Acute Stroke


Stroke is often referred to by doctors as a cerebrovascular accident, but stroke is rarely an ‘accident’. The underlying conditions of a stroke (or cerebrovascular disease) are usually present for years before a stroke occurs, although the symptoms of a stroke may occur suddenly. Transient ischaemic attacks (TIAs) are an important warning sign that a stroke may occur in the future.

There are sometimes quite specific warning signs of an impending stroke. By recognising the warning signs and taking action, you may be able to prevent a stroke or reduce its severity. It is important to be able to recognise the warning signs in order to get medical help as quickly as possible.

Symptoms of a stroke can include:

  • A numb or weak feeling in the face, arm or leg
  • Trouble speaking or understanding
  • Unexplained dizziness
  • Blurred or poor vision in one or both eyes
  • Loss of balance or an unexplained fall
  • Difficulty swallowing
  • Headache (usually severe or of abrupt onset) or unexplained change in the pattern of headaches
  • Confusion

The FAST test is an easy way to recognise and remember the most common signs of stroke or a TIA.Using the FAST test involves asking three simple questions. If the person has a problem with any of these functions, dial triple zero (000) for an ambulance immediately.

FAST stands for:

  • Facial weakness – can the person smile; have their mouth or eyes drooped on one side?
  • Arm weakness – can the person raise both arms?
  • Speech difficulty – can the person speak clearly and understand what you say?

If you suddenly experience any of these symptoms, get to a hospital immediately. Remember, stroke is a life-threatening emergency. Symptoms of a stroke occur in a variety of ways The warning signs or symptoms of stroke may occur alone or in combination. They may last a few seconds or hours, and may or may not disappear. The severity of the symptoms depends on the area of the brain affected and the cause.

Transient ischaemic attacks

Transient ischaemic attacks (TIAs) are caused by a temporary cut in blood supply to the brain, due to the partial blockage of an artery by a blood clot or debris. TIAs have the same symptoms as a stroke, but they are temporary and do not usually cause long-term brain damage. A TIA can appear hours, days, weeks or months before a full stroke but is more common within days or a few weeks. Just like full strokes, TIAs need emergency treatment and should not be ignored. A TIA, or mini-stroke, is a warning of an impending stroke. A person who has had a TIA is at greater risk of having a stroke or heart attack. Early identification of symptoms and early management from your doctor greatly reduces the chances of a major stroke. A TIA is:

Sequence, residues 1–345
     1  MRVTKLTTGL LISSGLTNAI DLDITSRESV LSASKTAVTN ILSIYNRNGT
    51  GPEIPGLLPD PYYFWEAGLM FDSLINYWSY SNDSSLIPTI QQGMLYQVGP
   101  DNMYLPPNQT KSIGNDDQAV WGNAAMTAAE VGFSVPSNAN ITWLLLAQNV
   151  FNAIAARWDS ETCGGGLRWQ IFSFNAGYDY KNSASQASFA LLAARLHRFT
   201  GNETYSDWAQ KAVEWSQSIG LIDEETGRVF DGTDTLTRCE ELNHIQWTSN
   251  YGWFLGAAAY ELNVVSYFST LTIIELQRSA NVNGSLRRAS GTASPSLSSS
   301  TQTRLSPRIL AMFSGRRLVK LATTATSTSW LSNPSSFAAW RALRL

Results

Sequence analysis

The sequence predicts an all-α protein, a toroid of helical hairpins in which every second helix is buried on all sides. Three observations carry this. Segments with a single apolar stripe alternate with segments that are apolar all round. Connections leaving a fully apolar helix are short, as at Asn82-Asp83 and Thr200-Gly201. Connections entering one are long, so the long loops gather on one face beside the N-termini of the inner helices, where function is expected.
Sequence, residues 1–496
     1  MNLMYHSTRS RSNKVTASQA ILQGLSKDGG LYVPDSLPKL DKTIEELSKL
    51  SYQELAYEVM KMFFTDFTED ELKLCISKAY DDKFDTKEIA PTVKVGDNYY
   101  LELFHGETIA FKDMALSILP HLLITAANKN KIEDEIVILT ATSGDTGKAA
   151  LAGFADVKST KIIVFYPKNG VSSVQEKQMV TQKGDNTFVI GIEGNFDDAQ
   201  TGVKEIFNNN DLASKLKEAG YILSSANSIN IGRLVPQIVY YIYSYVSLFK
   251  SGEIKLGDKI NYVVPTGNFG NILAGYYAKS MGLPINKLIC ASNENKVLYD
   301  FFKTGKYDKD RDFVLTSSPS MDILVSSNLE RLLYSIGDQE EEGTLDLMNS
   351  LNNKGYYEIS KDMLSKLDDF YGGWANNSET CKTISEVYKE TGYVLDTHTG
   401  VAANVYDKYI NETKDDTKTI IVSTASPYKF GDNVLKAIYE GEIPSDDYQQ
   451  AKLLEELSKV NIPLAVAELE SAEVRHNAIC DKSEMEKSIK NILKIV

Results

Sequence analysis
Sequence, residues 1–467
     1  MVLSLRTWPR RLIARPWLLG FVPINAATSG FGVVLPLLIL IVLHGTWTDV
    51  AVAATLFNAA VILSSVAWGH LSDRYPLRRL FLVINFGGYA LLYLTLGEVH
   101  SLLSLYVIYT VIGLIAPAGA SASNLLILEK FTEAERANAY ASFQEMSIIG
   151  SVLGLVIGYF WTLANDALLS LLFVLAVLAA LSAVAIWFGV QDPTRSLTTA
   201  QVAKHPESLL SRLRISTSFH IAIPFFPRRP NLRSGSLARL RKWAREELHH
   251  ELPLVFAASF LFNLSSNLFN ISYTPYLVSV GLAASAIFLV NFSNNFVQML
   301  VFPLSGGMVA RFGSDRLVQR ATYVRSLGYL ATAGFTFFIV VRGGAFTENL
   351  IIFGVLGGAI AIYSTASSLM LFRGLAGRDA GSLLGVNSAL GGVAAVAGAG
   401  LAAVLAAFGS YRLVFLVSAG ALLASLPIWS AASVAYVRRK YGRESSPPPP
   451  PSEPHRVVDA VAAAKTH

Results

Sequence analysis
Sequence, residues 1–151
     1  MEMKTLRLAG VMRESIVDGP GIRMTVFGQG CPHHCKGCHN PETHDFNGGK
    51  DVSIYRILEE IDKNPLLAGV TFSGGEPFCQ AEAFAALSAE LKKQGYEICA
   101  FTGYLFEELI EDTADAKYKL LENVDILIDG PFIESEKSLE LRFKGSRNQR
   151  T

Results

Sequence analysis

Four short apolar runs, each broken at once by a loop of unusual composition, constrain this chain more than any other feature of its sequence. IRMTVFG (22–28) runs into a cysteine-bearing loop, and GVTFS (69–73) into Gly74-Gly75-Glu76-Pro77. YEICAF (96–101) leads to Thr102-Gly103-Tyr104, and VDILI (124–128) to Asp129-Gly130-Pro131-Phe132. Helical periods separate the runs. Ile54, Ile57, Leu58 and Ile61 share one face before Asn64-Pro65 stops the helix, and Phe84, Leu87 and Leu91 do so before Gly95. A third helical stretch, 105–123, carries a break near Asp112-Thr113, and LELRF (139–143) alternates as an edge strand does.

• Transient – symptoms last for less than 24 hours.
  • Ischaemic – failure of blood flow to part of the brain or eye.
  • Attack – sudden onset of symptoms, which vary from person to person depending on which part of the brain or eye is starved of blood.

TIME IS BRAIN Intra-arterial Thrombolysis and Embolectomy:

In intra-arterial thrombolysis the clot busting medication is directly delivered to the blood clot through a small catheter or tube.

New treatment options include mechanical embolectomy, the removal of the blood clot with a device, Solitare.

Solitaire FR Revascularization Device:

Restore. Retrieve. Revive.

Solitaire FR Revascularization Device is a mechanical thrombectomy device combining the ability to restore blood flow, administer medical therapy, and retrieve clot in patients experiencing acute ischemic stroke.

  • Effortless delivery
  • Swift deployment for fast reperfusion
  • Optimal radial force for all clot types
  • Temporary bypass of occluded vessel
  • Stable recanalization for the adjunctive use of medical therapy
  • Optimal metal to tissue ratio for reliable clot retrieval
  • Potential for improved patient outcomes
  • Efficacious clot removal in vessels sized 2 to 5.5 mm